Dealer respondents to the survey part of this study highlighted account-opening and knowyour-client (KYC) processes as well as suitability compliance as the areas driving the most cost. Other key investment drivers mentioned were the build-out of effective cybersecurity programs and increasing headcounts in compliance driven by perceived increases in regulatory reviews (frequency and depth).

And, over the next two to five years, over 80% of survey respondents indicated they expect compliance-related investments will continue to rise, with almost 40% expecting a further significant increase. Some firms requested more transparency on how regulators evaluate the cost/benefit of new rules, and stressed the importance of striking the right balance between incremental benefits and the cost of implementation.

 

Top five drivers in compliance costs

Source: IIROC & Accenture Industry Consultation Review, 2018

 

Uncertainty regarding rule interpretation causing challenges

During our Consultation, incumbents and new entrants alike highlighted uncertainty regarding the interpretation of rules. We heard this theme from two different perspectives.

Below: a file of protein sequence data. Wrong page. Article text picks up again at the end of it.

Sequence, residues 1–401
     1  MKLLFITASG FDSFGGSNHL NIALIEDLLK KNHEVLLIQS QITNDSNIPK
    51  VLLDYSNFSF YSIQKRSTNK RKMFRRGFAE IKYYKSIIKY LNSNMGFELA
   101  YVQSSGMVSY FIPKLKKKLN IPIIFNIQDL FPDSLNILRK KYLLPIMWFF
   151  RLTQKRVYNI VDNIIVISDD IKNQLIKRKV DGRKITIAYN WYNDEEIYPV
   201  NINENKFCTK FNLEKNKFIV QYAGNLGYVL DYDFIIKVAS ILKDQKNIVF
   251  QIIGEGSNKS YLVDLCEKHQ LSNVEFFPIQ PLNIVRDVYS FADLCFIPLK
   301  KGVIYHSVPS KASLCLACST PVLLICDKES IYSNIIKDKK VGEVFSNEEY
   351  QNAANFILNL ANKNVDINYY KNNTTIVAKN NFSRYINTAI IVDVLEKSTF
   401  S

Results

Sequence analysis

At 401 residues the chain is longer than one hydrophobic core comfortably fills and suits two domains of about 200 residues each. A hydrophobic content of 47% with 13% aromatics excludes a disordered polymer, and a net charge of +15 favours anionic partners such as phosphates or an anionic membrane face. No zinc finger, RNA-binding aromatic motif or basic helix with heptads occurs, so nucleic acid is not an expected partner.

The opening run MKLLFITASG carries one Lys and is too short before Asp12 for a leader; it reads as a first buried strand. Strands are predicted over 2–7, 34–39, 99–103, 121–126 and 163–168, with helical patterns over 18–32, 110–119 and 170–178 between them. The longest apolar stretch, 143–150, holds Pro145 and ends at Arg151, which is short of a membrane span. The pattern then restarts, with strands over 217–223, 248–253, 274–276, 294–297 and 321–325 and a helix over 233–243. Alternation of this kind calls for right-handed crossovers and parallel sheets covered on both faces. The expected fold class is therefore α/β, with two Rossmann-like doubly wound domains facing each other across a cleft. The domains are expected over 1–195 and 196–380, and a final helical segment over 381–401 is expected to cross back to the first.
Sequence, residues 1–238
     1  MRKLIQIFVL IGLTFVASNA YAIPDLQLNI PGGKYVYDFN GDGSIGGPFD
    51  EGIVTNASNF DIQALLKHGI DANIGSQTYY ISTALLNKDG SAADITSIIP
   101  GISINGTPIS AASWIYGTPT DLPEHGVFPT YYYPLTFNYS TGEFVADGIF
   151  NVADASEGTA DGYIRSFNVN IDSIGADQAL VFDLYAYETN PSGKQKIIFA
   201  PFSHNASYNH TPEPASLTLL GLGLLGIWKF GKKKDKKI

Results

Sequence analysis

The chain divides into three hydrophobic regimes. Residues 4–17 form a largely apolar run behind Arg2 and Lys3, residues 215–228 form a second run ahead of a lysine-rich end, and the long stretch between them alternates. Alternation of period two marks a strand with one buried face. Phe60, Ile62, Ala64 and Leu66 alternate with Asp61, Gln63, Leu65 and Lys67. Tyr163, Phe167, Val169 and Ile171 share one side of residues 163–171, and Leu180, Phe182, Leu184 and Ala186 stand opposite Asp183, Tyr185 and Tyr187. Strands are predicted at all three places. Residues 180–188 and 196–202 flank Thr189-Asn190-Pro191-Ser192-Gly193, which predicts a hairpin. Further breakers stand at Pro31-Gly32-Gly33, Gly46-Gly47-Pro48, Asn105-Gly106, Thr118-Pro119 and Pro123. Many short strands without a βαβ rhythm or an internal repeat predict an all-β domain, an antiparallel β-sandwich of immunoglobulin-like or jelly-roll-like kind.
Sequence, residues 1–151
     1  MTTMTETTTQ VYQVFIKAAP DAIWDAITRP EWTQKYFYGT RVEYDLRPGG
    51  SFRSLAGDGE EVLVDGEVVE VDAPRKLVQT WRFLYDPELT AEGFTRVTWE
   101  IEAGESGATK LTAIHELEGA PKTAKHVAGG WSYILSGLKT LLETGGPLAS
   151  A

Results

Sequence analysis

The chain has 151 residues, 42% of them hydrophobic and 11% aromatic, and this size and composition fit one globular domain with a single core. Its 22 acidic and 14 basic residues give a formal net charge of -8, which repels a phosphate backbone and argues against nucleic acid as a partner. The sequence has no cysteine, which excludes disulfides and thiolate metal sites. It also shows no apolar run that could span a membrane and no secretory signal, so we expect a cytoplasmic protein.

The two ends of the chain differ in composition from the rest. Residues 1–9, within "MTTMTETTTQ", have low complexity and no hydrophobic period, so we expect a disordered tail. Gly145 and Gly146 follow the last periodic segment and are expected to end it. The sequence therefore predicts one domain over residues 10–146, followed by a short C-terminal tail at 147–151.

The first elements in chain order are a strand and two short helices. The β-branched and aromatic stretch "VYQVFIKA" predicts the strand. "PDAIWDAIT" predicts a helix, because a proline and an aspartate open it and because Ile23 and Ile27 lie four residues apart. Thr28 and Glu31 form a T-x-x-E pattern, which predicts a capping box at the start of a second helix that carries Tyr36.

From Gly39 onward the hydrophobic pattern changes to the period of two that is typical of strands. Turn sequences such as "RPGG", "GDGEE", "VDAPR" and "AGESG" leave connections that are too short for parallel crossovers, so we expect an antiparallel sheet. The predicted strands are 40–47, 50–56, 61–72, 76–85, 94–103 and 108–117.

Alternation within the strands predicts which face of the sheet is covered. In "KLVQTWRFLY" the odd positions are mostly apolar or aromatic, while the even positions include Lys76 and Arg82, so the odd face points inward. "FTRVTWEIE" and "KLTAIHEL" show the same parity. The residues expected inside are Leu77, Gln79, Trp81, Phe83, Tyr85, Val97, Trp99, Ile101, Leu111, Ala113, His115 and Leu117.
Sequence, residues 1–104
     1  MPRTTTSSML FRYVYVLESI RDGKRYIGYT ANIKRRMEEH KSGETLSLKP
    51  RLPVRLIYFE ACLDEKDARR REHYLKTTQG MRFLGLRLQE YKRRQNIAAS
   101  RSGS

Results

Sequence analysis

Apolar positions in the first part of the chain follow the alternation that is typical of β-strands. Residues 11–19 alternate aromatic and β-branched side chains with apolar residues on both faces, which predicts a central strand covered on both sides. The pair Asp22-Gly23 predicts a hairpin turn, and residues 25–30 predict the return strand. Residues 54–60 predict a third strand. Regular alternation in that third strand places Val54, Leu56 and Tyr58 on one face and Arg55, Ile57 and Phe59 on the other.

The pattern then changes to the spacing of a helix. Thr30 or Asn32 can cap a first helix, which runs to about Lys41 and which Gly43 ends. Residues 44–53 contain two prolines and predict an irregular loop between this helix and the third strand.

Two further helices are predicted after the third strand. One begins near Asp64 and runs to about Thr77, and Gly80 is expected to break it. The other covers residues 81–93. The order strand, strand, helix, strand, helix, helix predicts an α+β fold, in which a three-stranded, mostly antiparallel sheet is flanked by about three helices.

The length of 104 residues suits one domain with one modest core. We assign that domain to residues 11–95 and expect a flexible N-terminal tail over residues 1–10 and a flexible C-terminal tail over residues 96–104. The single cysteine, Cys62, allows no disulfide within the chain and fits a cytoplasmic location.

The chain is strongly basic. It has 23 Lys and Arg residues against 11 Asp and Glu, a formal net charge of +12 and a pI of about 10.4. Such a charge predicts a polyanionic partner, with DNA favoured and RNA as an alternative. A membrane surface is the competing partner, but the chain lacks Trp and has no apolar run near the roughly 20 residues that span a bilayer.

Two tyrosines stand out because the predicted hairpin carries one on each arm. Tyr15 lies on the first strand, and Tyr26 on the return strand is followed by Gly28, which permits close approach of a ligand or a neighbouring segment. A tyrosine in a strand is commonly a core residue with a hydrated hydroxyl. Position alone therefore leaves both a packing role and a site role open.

The first relates to the uncertainty some Dealers have in applying principle-based rules and accompanying guidance to their existing business models. That uncertainty can lead to a more conservative application of a rule than intended by regulators, and potentially, higher compliance costs. Related to innovation, some firms shared that they were uncertain as to how IIROC would interpret rules, which can lead to delays in advancing new ideas and sub-optimal client experiences. Greater clarity on the treatment of new business models would be useful to avoid these issues.

The second relates to a debate over principlebased versus prescriptive requirements. Views on this topic were divided. A number of firms requested that regulators provide more and clearer direction on how to comply. In contrast, a smaller number of firms indicated their preference for a more flexible, principle-based approach.